Foreign Minister Dimitris Avramopoulos on Thursday vehemently rejected a proposal by his Turkish counterpart Ahmet Davutoglu that a two-state solution to the Cyprus problem be sought if Cypriot authorities unilaterally proceed with the exploitation of oil and gas reserves off the island’s coast.
“Any insinuation of partition should be out of anyone’s mind,” Avramopoulos said in a letter to Davutoglu which was published on the Greek Foreign Ministry’s website.
Avramopoulos rejected a proposal by his Turkish counterpart that Athens and Ankara join talks with authorities in Nicosia and in the Turkish-occupied north of Cyprus on a settlement for the divided island. “I do not agree with your proposal for a quadripartite conference, chiefly because such a proposal contravenes the fundamental and inalienable principle of the independence, sovereignty and territorial integrity of the Republic of Cyprus,” Avramopoulos said. “The Greek and Turkish Cypriots no longer need protectors,” he added.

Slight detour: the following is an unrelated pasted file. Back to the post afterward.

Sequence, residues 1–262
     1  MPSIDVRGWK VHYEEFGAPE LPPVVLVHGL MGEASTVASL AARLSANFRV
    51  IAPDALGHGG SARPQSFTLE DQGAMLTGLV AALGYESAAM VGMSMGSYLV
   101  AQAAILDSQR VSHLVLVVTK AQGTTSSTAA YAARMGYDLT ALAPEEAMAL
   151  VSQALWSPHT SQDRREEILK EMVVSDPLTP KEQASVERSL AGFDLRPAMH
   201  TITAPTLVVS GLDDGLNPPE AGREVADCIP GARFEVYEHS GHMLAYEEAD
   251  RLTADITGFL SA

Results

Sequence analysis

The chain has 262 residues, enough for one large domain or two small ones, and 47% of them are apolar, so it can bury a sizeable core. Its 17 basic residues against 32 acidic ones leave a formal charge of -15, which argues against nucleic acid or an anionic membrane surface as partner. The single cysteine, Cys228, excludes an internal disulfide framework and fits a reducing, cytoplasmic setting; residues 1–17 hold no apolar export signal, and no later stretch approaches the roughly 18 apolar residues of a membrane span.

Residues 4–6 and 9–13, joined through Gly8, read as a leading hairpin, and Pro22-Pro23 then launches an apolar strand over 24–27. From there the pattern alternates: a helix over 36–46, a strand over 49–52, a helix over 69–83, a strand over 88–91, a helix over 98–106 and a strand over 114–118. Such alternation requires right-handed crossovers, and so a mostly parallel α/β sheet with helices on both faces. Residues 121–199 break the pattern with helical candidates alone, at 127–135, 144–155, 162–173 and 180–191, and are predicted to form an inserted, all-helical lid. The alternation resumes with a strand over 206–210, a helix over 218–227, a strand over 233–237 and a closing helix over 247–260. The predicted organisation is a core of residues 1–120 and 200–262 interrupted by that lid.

In an interview published in the daily Haberturk and the Hurriyet Daily News on Thursday, Davutoglu said Ankara wants “negotiations to start between both sides on the island and between Turkey and Greece.” If Nicosia insists on claiming any reserves as its own, “this means tacitly that Turkish Cypriots own the resources in the north,” Davutoglu said. “If they behave according to this claim, we are ready to negotiate a two-state solution.”